For one thing, it has become “more about managing profit and loss than managing the technology,” Lemay said.
And strategic alignments are front and center, he said. “How do we execute the plan is the priority.”
Lemay is demonstrating what goes into the maturing of a CEO, one whose startup is now an established enterprise. As the CEO of a new company, “I managed all facets of operations, from human resources to R&D design,” Lemay said.
He was also more easygoing, whereas now he has grown into “a solid CEO making the hard decisions.”
Another key learning? “Being able to say no was an important step because when you are a young company you are just trying to get revenue so you say yes to everyone,” Lemay said.
There are also learnings that go along with hiring and managing people. “I was too nice and too loose then, probably not too strict,” Lemay said. “You struggle with how do you inspire people to get the most from themselves without managing them too much.”
It’s “more about the level of mentorship,” Lemay said.
The company is now using a program in which employees “are the owners of their destinies, as long as we make them aware of where we are going,” Lemay said.
As for his executive team, “they fill all the gaps in my personality,” Lemay said.
Overall, when it comes to staff, it takes evolving and letting go. “Now you have the right people in the right place,” Lemay said. “People who do a better job than you.”
Lemay is also a strong believer in corporate values that combine the human touch and products, with the company having three guiding principles:
- Collaborative innovation. We believe that innovation and project success is achieved through collaboration.
- Details matter. Building a network, expanding the code base of an open source community project and aligning with our customers requires not only vision but also an understanding of the little things.
- We embrace change as a reality, not something to manage. It is who we are as a company. That means we are always flexible, forward-looking and our people are our greatest asset.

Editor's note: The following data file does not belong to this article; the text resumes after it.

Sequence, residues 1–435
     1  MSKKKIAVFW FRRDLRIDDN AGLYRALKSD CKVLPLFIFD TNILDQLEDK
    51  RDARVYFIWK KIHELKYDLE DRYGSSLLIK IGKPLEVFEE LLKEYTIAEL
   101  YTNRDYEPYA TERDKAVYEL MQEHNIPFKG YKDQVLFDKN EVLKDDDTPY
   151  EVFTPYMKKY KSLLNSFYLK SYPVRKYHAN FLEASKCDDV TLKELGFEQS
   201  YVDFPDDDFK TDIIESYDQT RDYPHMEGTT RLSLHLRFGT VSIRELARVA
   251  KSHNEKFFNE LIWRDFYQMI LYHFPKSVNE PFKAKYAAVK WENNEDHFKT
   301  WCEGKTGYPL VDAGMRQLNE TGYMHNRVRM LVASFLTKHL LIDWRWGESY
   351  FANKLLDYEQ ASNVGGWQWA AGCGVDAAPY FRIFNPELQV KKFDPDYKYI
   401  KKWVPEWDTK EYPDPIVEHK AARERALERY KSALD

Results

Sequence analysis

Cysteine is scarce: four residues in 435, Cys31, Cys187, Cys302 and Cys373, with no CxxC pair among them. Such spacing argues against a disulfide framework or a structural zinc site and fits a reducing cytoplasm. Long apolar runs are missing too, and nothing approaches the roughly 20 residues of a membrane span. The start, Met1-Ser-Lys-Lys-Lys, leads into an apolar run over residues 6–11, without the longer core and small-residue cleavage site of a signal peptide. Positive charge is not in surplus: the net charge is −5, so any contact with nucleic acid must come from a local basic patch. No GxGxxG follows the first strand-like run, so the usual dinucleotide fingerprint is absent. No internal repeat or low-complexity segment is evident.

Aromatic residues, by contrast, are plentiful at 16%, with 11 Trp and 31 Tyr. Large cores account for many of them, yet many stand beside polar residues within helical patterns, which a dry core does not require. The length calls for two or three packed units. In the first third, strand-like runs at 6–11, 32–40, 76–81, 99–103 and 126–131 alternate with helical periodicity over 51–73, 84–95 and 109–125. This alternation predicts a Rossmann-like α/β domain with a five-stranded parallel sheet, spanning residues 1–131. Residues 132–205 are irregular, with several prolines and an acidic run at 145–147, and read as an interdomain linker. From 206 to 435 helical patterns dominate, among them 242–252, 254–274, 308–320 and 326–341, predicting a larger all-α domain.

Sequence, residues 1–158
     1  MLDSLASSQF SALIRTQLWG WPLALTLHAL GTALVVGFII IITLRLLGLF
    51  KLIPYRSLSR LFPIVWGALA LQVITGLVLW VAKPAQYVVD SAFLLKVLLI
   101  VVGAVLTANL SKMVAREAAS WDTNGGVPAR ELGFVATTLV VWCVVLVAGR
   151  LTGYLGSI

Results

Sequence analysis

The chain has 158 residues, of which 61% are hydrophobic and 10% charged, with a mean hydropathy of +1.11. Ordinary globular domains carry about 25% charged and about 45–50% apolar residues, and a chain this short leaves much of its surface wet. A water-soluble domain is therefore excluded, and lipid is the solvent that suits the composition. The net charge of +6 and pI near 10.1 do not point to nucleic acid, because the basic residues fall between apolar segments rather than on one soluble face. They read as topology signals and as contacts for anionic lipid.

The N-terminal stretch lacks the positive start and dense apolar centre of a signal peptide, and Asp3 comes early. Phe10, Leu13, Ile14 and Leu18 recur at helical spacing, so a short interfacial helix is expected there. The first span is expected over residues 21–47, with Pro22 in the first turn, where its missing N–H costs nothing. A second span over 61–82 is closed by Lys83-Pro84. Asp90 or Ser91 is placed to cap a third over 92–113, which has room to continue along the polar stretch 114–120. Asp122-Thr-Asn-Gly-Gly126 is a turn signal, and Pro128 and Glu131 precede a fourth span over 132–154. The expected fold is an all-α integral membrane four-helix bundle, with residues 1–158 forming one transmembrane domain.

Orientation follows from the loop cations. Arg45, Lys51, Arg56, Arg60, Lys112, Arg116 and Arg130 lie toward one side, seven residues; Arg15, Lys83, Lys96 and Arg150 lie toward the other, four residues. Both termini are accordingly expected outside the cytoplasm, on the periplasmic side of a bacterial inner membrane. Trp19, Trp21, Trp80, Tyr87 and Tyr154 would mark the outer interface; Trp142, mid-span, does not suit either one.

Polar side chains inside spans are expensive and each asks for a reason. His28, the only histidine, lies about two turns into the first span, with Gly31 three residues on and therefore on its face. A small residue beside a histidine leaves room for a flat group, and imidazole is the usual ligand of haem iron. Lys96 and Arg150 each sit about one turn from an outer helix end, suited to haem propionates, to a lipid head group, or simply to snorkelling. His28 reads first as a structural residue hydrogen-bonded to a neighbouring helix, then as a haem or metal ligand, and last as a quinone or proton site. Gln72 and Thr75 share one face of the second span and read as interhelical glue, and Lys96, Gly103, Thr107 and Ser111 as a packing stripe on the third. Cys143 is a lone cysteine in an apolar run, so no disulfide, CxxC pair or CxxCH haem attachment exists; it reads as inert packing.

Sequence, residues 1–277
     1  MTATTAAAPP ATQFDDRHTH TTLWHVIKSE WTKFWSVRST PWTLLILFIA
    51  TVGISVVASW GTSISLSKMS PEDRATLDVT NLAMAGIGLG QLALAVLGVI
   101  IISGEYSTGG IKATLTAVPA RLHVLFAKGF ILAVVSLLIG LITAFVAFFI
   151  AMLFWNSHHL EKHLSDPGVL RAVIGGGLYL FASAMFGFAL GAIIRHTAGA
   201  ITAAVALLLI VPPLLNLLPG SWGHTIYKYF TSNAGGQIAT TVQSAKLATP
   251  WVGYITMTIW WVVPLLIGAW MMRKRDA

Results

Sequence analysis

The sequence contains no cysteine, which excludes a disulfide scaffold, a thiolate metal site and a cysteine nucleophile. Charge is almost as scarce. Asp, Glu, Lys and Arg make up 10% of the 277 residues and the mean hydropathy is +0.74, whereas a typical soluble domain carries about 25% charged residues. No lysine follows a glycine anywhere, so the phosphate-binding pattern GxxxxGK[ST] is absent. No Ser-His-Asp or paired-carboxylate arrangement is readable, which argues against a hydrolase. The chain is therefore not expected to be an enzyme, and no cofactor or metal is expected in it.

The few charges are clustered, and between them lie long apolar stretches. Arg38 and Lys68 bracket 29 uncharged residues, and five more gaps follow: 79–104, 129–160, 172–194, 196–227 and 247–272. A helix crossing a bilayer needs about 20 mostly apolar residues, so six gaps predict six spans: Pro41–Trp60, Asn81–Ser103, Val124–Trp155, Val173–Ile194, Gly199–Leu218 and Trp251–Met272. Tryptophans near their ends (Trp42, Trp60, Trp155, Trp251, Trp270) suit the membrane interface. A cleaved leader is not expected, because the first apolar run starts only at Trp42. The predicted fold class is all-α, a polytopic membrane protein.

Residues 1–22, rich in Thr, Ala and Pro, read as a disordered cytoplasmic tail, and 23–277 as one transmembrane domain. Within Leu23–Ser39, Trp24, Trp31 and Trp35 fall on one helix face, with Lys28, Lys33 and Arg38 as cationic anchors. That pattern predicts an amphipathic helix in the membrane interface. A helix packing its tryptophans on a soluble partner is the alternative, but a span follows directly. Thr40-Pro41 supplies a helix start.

Another lesson along the way has been about financing. “Getting the right investors is extremely important and a lesson I’ve learned over the years,” Lemay said. “Choose your investors carefully. Make sure they are fully aligned with you.”
Twelve years as CEO of Inocybe “has been a roller-coaster ride,” Lemay said. “For every success, there was a failure and for every failure there was something to learn.”
His CEO journey “has been about learning to know my strengths and weaknesses,” Lemay said.
Fast Five with Mathieu Lemay
What keeps you up at night?
The responsibility of continuing to grow the company and make it an awesome place to work at.
What is the key to new revenue growth?
Leveraging the right partnerships and alliances. We need to stand on the shoulders of giants and help them be successful.
When did you know you wanted to be a CEO?
Last year is when I realized this is what I really wanted to do in life.
On a scale of 1 to 10 (1 lowest and 10 highest), how much of a priority do you place on the following things at your company: people, process and technology?
What do you wish you had known 5 years ago that you know now?
Agility is important, but one must not always go after the next shiny thing.